Last edited by Kigashura
Wednesday, July 29, 2020 | History

6 edition of The criminal law system of medieval and Renaissance Florence found in the catalog.

The criminal law system of medieval and Renaissance Florence

by Laura Ikins Stern

  • 358 Want to read
  • 36 Currently reading

Published by Johns Hopkins University Press in Baltimore .
Written in English

    Places:
  • Italy,
  • Florence,
  • Florence.
    • Subjects:
    • Criminal justice, Administration of -- Italy -- Florence -- History.,
    • Renaissance -- Italy -- Florence.,
    • Law, Medieval.

    • Edition Notes

      Includes bibliographical references (p. 275-279) and index.

      StatementLaura Ikins Stern.
      SeriesThe Johns Hopkins University studies in historical and political science ;, 112th ser., 1
      Classifications
      LC ClassificationsKKH9851.86 .S74 1994
      The Physical Object
      Paginationxxii, 286 p. ;
      Number of Pages286
      ID Numbers
      Open LibraryOL1406275M
      ISBN 100801846722
      LC Control Number93014557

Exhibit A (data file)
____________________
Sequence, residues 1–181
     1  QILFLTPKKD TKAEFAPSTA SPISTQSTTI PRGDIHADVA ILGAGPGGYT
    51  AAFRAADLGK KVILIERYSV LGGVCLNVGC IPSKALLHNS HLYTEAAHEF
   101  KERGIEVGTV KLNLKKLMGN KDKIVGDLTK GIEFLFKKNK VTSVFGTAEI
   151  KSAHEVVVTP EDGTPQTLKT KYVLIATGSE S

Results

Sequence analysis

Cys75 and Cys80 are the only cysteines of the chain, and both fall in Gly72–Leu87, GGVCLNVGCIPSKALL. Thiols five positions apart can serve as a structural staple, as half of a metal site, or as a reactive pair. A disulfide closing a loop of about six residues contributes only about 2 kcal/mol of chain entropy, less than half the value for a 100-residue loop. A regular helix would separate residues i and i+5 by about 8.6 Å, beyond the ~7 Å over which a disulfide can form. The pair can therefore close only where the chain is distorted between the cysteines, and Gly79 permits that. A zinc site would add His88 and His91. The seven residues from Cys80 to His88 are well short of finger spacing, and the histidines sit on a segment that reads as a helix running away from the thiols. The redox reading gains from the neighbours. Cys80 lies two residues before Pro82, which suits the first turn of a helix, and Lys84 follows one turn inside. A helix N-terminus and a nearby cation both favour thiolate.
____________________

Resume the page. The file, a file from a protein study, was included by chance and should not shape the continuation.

Both this medieval civil law, the Corpus juris civilis, and Gratian's decretals-cum-canon law, Corpus juris canonici, find their blossoming here. Within this century-long development and codification, the canon documents of ecclesia (decretals and bulls) and the civil laws inherited from Justinian are interpolated and cross fertilized. Crime and Punishment in Renaissance Florence Article in The Journal of Criminal Law and Criminology () 81(3) January with Reads How we measure 'reads'Author: Marvin E. Wolfgang.

      The Internet Medieval Sourcebook is located at the. Fordham University Center for Medieval Studies. Guide to Contents. This section of the Sourcebook collects the various online texts related to the history of law. Main Page will take you back to Sourcebook main page. Full Texts will take you to the index of full text medieval sources. Acquittal, in criminal law, acknowledgment by the court of the innocence of the defendant or a judgment may be made by a jury in a trial or by a judge who rules that there is insufficient evidence either for conviction or for further proceedings. An acquittal removes all guilt in acquittal “in fact” occurs when a jury finds the defendant not guilty.